Phone with Etiquette or No Phone At All?
Yesterday a friend of mine sent a list of phone etiquette to make sure that we are being as respectful and professional as possible in the way we represent our company and ourselves as individuals. I am thankful for the list and I made a mental note of all the suggestions and implemented the changes that I could.
However, before presenting the list, I thought it was interesting timing that it was sent to me on the very same day that I published this article. Perhaps, since the telephone itself seems to be a dying form of communication, more efforts should be spent on putting the last nails in its coffin rather than focusing energies on doing it better. This was a point presented to me.
A conversation started about my article was about voice mail, for example. Here is a copy and paste from our email dialogue:
me: There is one person who calls me all the time. I mean all the time. Then, what’s more funny is they always leave a voice mail and the message is always the same “call me back when you have some time.”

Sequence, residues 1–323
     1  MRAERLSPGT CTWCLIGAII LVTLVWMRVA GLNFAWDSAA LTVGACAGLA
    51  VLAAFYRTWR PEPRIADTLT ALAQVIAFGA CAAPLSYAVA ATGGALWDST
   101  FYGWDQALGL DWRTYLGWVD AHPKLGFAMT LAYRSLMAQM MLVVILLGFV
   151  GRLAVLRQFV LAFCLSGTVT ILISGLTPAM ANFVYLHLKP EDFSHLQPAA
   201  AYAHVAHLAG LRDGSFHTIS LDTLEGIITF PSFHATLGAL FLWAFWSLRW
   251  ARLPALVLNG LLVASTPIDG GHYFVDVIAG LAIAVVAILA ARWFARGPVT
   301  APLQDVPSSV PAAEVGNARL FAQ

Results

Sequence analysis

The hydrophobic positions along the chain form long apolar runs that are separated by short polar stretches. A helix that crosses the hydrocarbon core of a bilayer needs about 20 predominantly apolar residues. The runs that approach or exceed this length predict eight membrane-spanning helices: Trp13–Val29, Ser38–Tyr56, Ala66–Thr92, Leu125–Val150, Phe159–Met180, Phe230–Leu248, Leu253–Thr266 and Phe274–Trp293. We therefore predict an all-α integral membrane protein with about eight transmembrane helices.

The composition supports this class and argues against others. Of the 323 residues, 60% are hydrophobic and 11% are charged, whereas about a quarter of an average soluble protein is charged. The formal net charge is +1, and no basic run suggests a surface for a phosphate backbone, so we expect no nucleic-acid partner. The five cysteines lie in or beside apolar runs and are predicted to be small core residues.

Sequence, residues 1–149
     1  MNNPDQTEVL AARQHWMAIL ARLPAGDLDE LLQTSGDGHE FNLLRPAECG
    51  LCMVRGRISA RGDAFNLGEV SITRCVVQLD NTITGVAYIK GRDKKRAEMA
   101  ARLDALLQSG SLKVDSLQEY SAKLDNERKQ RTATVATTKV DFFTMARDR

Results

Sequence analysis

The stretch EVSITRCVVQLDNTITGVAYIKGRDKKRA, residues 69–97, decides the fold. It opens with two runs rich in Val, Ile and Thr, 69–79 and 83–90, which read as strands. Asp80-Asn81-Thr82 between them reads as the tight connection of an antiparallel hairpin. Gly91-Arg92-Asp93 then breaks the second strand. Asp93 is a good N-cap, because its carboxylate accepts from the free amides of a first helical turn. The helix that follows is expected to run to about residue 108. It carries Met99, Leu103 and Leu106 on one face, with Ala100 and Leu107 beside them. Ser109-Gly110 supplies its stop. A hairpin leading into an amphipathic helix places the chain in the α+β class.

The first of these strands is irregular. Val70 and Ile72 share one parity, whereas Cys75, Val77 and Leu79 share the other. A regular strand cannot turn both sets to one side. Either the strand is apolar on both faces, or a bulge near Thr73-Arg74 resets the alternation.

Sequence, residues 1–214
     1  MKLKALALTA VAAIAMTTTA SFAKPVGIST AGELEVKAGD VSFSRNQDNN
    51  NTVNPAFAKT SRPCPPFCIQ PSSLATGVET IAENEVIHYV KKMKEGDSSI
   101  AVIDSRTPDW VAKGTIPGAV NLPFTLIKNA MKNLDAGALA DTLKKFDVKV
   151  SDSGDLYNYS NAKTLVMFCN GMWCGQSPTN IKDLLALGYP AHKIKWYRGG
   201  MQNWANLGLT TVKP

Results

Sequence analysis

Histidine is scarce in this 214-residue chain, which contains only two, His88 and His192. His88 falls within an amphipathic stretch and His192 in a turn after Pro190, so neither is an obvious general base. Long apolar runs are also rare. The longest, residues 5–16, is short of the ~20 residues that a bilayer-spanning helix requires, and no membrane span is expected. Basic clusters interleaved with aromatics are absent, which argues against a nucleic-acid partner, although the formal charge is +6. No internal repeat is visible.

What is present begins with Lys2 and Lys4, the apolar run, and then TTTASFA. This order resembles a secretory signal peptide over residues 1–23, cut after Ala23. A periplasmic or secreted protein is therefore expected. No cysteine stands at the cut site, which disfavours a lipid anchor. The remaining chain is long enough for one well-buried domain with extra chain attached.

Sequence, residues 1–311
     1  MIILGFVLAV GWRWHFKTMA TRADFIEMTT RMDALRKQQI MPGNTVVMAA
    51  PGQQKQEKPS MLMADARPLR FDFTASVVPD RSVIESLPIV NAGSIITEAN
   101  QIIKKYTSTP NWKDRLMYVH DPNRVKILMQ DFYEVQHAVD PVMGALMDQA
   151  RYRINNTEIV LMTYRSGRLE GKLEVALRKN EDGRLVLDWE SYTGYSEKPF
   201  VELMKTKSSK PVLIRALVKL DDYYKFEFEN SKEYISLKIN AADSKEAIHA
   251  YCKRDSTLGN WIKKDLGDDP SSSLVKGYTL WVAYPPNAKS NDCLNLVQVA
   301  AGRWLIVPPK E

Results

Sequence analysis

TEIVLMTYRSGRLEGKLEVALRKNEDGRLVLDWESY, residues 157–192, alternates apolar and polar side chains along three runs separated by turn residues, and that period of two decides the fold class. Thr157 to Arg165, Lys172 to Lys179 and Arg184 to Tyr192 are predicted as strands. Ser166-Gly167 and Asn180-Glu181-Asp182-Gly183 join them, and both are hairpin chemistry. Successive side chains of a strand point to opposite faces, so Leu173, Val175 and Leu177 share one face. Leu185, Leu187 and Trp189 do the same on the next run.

“Call me back when you have some time??” I just spent 2 minutes checking my voice mail to find that??
friend: This is exactly the use case for having someone else answer your calls. That person obviously:
- Wants to talk to someone,
- Does not value your time,
- Doesn’t get the basic etiquette of leaving detailed messages,
- Frustrates you.
While we consider whether the phone is an interruptive technology that breaks focus and sucks our productive time, or whether it’s legitimate, relevant and useful we will continue to debate. In the meantime, here is the phone etiquette list that he sent me, with his comments [and my comments in these nice square brackets], that I think is good to adhere while we await the cultural and social shift to complete: